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Trabeculectomy for Glaucoma: What to Expect

Trabeculectomy for glaucoma is the gold standard for those with advanced or rapidly progressing glaucoma. As the population ages, we can expect an increase in the number of patients in their 80s and 90s with glaucoma. Many of these patients will require pressure lowering in the single digits, and only trabeculectomy can achieve intraocular pressure readings in such a low range. Trabeculectomy for glaucoma: what to expect.

What Is Glaucoma? 

Glaucoma is an eye condition that causes high eye pressure and damage to the optic nerve resulting in loss of vision. People with glaucoma slowly lose their peripheral vision and if not treated, they can lose their vision entirely.

The best treatments for glaucoma involve lowering eye pressure to prevent vision loss. Most patients use eye drops to lower their IOP.  In-office laser therapy can also help. When these therapies are unsuccessful, Dr. Hecht may recommend trabeculectomy.

No surgical procedure can permanently cure glaucoma or bring back vision already lost.

What to Expect Before Trabeculectomy

Trabeculectomy is an outpatient procedure and a very delicate surgery that uses local anesthetic, needs an anesthesiologist, and takes approximately one hour to complete. The goal is to create another passageway for fluid to drain out of the eye in order to lower eye pressure.

What to Expect During Trabeculectomy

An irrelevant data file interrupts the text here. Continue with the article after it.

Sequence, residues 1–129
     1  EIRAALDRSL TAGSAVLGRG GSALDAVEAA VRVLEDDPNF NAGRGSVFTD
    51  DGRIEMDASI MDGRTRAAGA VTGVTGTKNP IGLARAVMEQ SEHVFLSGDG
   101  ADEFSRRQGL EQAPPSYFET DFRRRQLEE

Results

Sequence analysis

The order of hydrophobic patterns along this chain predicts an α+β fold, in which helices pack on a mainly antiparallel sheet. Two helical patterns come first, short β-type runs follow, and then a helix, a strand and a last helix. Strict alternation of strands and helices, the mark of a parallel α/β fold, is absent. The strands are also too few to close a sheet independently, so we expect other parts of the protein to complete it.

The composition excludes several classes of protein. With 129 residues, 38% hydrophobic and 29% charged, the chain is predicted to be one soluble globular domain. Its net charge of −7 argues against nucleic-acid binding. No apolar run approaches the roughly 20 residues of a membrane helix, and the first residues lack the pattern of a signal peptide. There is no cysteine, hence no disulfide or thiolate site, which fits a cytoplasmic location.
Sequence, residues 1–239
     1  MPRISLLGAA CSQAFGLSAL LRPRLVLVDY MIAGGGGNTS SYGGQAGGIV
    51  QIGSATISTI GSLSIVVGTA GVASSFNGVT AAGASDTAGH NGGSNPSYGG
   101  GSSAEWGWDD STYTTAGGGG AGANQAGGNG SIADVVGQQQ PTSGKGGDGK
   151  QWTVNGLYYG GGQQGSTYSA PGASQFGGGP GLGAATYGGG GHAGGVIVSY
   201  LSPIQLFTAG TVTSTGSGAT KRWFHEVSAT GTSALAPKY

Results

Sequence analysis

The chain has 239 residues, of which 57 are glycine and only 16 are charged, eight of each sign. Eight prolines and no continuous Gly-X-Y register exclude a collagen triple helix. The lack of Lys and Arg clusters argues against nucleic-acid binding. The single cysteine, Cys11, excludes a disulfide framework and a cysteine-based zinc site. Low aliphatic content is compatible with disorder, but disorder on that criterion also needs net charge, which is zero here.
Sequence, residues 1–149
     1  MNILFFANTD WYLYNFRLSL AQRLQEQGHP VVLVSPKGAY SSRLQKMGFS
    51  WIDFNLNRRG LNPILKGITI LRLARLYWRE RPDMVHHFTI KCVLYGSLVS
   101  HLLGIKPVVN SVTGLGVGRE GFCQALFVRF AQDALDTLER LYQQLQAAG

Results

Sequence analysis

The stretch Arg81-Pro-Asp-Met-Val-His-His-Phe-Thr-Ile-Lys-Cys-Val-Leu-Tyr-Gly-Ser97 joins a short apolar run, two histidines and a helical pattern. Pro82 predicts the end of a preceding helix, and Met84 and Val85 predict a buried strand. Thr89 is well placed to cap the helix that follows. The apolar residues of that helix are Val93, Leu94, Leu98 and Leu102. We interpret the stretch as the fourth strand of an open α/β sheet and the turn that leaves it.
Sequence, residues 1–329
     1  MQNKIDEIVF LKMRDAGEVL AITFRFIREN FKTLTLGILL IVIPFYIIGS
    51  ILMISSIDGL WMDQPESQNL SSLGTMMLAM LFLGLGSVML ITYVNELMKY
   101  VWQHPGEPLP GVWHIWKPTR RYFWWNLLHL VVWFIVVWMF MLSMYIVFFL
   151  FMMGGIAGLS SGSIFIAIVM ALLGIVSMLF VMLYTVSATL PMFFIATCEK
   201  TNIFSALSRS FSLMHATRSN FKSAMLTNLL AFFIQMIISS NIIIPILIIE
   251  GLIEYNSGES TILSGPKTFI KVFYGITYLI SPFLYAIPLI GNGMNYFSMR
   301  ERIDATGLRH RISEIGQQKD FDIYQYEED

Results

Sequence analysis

The eye is numbed with drops and you will also receive other relaxing medications through an IV. 

  • Dr. Hecht creates a tiny opening in the skin that covers the eye surface, known as the conjunctiva. The sclera, or your eye’s white section, can be seen through the opening.
  • A flap is created in the white sclera producing an opening into the interior part of the eye. Another opening might be needed at the border of the iris. This keeps the tissue of the iris from interfering with the new drain.
  • Sutures are utilized to reattach the border of the flap to the sclera which helps to control how quickly the fluid drains from the eye. This directly affects the final IOP.
  • The conjunctiva is also sutured to enclose the flap and drainage.

What to Expect After Surgery

You will need someone to drive you home. Your eye may feel sore and like there is an eyelash in it. Tylenol will help most discomforts.

You will have blurry vision for a few days or up to several weeks. A plastic shield should be worn while sleeping for at least two weeks.

You should be able to return to work within a few weeks, but physical activities will be restricted.

Whenever outside, wear sunglasses to shield your eyes from the sun and wind.

Dr. Hecht will provide steroid and antibiotic drops to help with healing and to protect from infection.

Keep up with all follow-up appointments as recommended.

Eye pressure will be lowered for several years and the need for previous eye drops will be reduced or eliminated.

Contact Hect Eye Institute at (310) 370-5648 if you have additional questions or concerns about getting trabeculectomy surgery. If you are seeking glaucoma treatment, request an appointment at our office in Lawndale, Beverly Hills, or Marina del Rey.

Ready to get started?

Schedule your appointment with Dr. Hecht and be on your way to better eye health!